Aside from going to the beach, moving is also one of the best summer activities. The heat may be unbearable in some areas, but there are ways to feel comfortable in it; besides, it’s much easier to carry stuff when you’re garbed in thin clothing rather than your winter jacket.
So if you’ve already found the right property in a peaceful, suburban location, it’s advised that you schedule your move early into the summer, while there’s still a lot of time before school resumes for your kids. But what if you have teens who won’t stop grumbling about the move?
Worry not, because this article will give you the reasons a summer move is still the best, along with some tips to help your disgruntled teen adjust.
1. Ideal Weather
If you’re not hiring a moving company, the longer days of summer will come in handy for you. This means more time to load and unload your things and unpack them once you’re ready to settle.
If possible, set up the utilities in your new home before the move, so that you can already use your A/C as you unpack. Start early in the morning before the sun is out to avoid working in the extreme heat. But if an afternoon move is more appealing to you, not to mention to a teen who’d rather sleep in, you may just head to your new home earlier to set up the A/C, then return to fetch the rest of your family and your belongings.
2. The Kids are on Vacation
Moving in the summer means your kids have completed a school year, so they won’t be transferring to a new school in the middle of an ongoing semester. (if that’s part of your plans.) And since they’re on vacation, they’ll be available to help you out.
The only drawback is when you have a teen who’s reluctant to move. Their grumpiness over the matter may add to your stress, but as tough as it may be, you have to understand your teen’s feelings. It’s hard for them to leave a familiar and comfortable environment, especially their friends.
Since you’re also leaving something behind, so you have to validate your teen’s feelings as they express their dissatisfaction. Avoid mentioning that they can just make new friends again in their new school or neighborhood. Instead, acknowledge their attachment to the place you’re leaving, then explain the reasons behind your decision to move. Let them know that while you value their feelings, it’s ultimately up to you to decide what’s best for your family, which is relocating.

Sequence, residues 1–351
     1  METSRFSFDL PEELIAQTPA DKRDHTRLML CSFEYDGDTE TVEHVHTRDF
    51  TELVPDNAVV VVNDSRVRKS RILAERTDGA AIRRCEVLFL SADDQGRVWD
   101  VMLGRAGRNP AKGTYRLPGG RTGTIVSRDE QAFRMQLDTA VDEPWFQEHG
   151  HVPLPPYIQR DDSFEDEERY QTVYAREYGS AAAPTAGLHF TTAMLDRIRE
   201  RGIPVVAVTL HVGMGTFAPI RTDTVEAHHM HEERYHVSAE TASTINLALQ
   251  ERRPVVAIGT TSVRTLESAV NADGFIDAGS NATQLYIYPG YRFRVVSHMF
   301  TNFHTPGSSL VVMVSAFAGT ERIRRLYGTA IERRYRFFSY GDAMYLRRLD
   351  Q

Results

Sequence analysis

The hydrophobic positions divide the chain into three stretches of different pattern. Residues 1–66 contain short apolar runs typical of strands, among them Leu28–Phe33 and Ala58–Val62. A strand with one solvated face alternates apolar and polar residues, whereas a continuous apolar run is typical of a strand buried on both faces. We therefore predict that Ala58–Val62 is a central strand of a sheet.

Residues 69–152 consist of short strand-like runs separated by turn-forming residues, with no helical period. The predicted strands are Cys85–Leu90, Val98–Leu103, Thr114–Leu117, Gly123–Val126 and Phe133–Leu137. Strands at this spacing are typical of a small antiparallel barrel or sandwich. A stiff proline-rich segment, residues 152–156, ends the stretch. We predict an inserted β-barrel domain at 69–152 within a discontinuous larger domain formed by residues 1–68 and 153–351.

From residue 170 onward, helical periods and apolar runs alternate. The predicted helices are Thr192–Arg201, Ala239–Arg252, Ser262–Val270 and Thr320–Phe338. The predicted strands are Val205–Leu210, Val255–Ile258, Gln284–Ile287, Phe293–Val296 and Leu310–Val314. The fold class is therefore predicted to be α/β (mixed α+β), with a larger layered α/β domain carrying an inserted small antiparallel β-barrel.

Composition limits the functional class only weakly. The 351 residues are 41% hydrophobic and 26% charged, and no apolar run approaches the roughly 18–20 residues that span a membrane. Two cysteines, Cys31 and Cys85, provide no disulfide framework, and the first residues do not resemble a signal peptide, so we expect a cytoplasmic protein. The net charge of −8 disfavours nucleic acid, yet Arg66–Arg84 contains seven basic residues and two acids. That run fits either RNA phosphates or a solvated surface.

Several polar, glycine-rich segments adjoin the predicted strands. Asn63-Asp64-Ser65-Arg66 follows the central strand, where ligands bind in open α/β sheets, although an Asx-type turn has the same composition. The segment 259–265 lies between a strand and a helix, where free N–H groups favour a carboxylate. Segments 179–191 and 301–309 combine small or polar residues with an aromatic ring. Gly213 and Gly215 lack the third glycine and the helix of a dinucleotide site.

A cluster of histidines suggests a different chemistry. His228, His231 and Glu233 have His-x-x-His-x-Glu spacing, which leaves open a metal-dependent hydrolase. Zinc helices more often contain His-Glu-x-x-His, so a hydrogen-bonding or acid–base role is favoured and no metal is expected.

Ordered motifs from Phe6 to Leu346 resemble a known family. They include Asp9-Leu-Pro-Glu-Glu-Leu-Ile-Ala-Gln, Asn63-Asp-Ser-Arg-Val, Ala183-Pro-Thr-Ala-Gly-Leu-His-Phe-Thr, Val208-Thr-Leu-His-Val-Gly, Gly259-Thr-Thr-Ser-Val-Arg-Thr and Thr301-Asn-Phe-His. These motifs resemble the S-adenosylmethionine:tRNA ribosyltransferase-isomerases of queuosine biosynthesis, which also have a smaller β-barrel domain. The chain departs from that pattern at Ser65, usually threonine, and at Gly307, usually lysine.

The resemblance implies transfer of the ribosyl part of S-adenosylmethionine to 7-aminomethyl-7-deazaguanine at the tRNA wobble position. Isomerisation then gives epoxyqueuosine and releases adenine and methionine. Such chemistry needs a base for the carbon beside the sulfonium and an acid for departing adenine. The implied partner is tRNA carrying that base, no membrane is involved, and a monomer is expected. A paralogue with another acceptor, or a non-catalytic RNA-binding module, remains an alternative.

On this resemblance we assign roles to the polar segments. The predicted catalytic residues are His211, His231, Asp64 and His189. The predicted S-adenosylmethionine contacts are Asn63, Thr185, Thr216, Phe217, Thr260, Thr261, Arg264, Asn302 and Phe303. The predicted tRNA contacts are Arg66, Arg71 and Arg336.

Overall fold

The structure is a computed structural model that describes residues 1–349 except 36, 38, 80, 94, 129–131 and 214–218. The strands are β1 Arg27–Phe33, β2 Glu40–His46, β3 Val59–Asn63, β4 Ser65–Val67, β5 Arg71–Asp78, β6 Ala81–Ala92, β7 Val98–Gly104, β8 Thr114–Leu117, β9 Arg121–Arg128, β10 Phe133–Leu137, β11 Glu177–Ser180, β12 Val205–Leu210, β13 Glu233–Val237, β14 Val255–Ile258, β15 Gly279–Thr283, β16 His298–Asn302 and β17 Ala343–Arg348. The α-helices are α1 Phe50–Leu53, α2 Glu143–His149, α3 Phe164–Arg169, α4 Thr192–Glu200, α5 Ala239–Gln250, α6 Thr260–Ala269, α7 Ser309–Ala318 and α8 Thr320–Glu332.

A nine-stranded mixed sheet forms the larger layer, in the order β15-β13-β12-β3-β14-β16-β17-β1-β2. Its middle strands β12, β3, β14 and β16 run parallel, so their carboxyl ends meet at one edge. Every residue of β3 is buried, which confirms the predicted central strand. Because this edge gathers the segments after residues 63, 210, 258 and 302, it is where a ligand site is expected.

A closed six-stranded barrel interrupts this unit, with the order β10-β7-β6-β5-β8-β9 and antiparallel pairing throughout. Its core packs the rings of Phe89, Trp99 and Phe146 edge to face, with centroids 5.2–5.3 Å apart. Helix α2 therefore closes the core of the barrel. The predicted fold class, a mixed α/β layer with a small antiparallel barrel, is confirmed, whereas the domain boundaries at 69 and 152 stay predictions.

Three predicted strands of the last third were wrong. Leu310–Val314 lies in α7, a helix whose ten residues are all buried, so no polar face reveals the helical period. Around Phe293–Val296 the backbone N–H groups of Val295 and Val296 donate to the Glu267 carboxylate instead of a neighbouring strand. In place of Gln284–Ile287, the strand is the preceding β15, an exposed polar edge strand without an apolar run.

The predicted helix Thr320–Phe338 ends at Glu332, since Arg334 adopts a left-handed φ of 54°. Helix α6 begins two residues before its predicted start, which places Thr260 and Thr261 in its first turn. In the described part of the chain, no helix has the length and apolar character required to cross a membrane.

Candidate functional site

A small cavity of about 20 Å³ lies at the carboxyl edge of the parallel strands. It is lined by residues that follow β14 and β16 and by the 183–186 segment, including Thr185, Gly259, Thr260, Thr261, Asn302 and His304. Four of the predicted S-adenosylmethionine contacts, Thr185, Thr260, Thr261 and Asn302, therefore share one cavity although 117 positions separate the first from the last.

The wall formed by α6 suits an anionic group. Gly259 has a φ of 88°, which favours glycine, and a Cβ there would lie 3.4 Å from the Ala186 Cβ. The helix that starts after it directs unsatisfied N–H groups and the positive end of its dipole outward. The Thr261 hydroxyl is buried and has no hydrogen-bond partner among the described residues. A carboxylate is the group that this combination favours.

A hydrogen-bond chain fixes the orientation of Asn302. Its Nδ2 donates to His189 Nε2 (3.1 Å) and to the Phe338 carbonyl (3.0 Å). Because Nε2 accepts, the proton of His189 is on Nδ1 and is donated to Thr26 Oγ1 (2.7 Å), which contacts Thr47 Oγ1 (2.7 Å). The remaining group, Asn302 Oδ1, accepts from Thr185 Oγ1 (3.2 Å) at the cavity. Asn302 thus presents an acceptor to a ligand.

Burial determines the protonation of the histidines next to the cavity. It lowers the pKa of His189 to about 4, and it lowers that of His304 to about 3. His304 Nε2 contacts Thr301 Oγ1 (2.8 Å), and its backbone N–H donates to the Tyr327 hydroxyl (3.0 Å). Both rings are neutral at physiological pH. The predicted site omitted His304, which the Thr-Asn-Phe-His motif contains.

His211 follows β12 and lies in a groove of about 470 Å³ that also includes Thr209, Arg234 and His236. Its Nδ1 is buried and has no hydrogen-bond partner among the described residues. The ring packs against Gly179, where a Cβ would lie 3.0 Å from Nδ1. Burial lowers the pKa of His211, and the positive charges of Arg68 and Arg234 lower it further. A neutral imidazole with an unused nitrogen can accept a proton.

3. Yard Sales
Some products sold at yard sales can be a replacement for your old stuff, meaning you can lighten your load and just obtain some essentials from shopping. Furthermore, going to yard sales is an opportunity for your kids and teens to explore their new neighborhood. They may meet new people along the way and start forming friendships immediately!
Touring new your city, whether it be for errands or just to familiarize yourself in it, is a great way to cope with the move, no matter how old you are. Go and visit cafes, bookstores, malls, and other recreational areas. Remember that it isn’t just your teens who need to make new friends, but also you.
Meeting fellow parents can help you choose a school for your kid. If your teen insists on choosing their new school themselves, let them do that as well; allowing them to be actively involved with the move gives them a sense of control, which can help them adjust.
Once you’re settled, you may begin resuming to your routines and enjoying your new community. By doing all of these as a family, your teen will find happiness in no time, realizing that they aren’t truly saying goodbye to their old hometown.